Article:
Expert Insight: Double-emulsion droplet sorting: Strategies and applications for multiomic profiling

Watch this on-demand webinar to discover how gel-encapsulated microdroplets can be analyzed by high-throughput droplet sorting for genomic, proteomic, and metabolomic profiling

01 Dec 2020



Kara Brower, Ph.D. candidate at Stanford University, and Dr. Marie Mikkelsen, co-founder and CTO of Samplix

Droplet microfluidics has made a large impact in many different applications, ranging from the analysis of DNA variants to secretory biomolecules and diverse cell types. However, to enrich individual variants of interest, researchers face challenges with high-throughput screening and isolation of these emulsion droplets. Integrated strategies that combine the sensitivity and precision of cell sorting with downstream single-cell multiomic analysis are now being used to address these challenges.

In this webinar, Dr. Marie Mikkelsen, Co-founder and CTO of Samplix, and Kara Brower, Ph.D. Candidate at Stanford University, discuss how gel-encapsulated microdroplets can be analyzed by high-throughput droplet sorting for genomic, proteomic, and metabolomic profiling for a diverse range of applications.

Read on for highlights from the Q&A session or watch the webinar on demand>>

Q: Can Xdrop technology be used to resolve large genomes, such as those of plant cells, and how does this compare to the PacBio approach?

KB: PacBio sequencing is good for whole-genome sequencing, whereas the Xdrop approach is mainly used for extracting DNA and then sequencing. This means the Xdrop is a perfect match for the PacBio. What we do is extract the DNA of the region that we are interested in and then load the information onto the PacBio. In doing this, you decrease the complexity of your sample by a thousandfold or more.

Q: What is the multiplet rate of technology developed by your lab compared to other methods such as Drop-Seq and inDrop?

MM: We recently released a new publication on this. We have shown that we have adjusted our multiplet rate to be less than 2.5%, whereas DropSeq and inDrop, as well as other commercial technologies such as 10x, typically have rates between 4% and 8%. You can find out more information about this in our new publication on bioRxiv.

Q: How does the stability of double emulsions compare to that of single emulsions? And can the droplets be incubated for more than 24 hours?

MM: We have found that the double emulsions are more stable than the single emulsions, and these can be incubated for 24 hours at 30 to 37 degrees. 

Q: Do particle doublets or multiplets occur, and are they at risk of clogging the system?

KB: For large particles, yes, some doublets do occur. However, we have observed doublet rates in our D-FACTS paper to be typically less than 5%. However, it depends on the particle size. We have created a lot of different instrument parameters, such as using a large instrument nozzle, as well as spacing out the double emulsions using pluronic loading fluids. This has really helped to get a nice singlet rate and nice event rate during operation of either an Aria class order or a Sony class order. We have found that the Sony does very well with metering the droplets out very precisely for a later low abort rate during single-celled purity sort.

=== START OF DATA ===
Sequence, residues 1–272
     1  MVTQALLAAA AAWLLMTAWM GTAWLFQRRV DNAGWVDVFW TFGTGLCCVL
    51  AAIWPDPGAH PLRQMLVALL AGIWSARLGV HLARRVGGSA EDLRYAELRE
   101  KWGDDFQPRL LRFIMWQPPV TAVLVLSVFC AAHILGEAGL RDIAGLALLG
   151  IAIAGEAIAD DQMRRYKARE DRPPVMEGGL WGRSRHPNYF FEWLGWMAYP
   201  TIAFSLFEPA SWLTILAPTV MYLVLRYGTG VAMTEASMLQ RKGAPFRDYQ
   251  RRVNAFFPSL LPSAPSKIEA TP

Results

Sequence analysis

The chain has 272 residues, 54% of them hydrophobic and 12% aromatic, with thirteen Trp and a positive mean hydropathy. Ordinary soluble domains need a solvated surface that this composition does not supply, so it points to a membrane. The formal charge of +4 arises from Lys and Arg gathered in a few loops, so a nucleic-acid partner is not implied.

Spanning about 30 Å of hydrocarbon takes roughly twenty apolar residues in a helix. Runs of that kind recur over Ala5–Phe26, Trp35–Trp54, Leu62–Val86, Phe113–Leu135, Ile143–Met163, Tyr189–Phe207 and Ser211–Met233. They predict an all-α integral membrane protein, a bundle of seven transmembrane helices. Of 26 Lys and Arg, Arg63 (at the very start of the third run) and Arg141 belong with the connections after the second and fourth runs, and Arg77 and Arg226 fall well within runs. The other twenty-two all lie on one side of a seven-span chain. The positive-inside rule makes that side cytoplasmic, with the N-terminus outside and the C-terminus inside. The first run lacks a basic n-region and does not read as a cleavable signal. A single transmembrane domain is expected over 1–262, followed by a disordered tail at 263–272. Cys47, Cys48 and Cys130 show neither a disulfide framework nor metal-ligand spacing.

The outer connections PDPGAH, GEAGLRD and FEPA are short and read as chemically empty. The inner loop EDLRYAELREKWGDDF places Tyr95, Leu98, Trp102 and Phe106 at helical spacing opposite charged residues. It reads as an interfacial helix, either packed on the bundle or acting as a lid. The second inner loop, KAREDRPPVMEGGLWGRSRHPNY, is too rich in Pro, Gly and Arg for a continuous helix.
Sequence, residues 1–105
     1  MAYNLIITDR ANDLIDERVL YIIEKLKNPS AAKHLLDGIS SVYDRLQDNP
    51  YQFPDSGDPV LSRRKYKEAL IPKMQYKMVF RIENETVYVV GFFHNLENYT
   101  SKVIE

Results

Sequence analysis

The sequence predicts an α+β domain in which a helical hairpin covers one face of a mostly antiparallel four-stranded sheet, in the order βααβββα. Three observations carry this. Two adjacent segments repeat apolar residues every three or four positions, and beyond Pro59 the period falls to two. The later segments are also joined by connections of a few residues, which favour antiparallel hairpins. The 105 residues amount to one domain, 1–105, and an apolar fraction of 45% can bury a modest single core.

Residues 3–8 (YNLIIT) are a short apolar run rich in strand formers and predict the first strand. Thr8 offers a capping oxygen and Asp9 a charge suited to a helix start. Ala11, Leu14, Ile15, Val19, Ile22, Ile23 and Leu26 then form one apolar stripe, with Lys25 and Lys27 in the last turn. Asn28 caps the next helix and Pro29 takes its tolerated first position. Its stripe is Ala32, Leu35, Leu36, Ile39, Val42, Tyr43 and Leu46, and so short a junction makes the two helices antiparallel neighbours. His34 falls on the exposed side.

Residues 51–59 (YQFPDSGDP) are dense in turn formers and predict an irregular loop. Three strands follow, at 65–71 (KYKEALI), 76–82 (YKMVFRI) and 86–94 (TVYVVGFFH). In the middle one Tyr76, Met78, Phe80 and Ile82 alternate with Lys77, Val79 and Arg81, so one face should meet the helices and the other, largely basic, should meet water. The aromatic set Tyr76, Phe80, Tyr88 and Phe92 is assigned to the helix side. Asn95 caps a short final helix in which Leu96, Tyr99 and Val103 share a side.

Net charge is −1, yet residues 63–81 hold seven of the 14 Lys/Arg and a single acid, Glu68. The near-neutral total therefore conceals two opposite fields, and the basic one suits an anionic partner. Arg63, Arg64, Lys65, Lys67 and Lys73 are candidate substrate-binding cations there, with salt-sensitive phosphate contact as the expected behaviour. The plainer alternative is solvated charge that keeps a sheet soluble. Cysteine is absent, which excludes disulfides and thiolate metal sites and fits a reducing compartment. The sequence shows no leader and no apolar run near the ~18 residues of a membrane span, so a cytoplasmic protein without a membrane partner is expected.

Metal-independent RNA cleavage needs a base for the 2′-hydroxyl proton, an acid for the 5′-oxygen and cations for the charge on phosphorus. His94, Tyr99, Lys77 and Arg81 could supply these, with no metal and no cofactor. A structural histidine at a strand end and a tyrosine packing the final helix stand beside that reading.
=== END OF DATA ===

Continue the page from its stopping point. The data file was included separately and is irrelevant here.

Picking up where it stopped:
Q: Have you grown microorganisms inside of the double emulsions? If yes, how does this scatter signal look, and is it possible to distinguish empty and occupied drops based on this?

KB: We've grown yeast as well as many different types of bacteria, including very rare environmental species with one of our collaborators. We have had no problems growing them in the double emulsion. Some have even survived for up to a week. It really depends on how big your colony grows, and whether the colony will burst the double emulsion structure. We do get a more reliable signal from larger particle loading, such as mammalian cells. This is, again, in our recent publication, but we do have more forthcoming work that is focused on looking at bacterial colony growth within the double emulsion. Typically, beyond 10 to 50 cells you can see and sort those cells as well, though the single-cell level unlicensed is quite difficult.

Q: Is the droplet generation device, as well as the chips, available commercially? Does this always generate double emulsions, and can the droplet size be controlled?

MM: The Xdrop instrument and the single-use cartridges are commercially available. You can generate either small double emulsions or, using a different cartridge, you can make larger single emulsions. In our instrument, we cannot control the droplet style, but we can control the droplet size.

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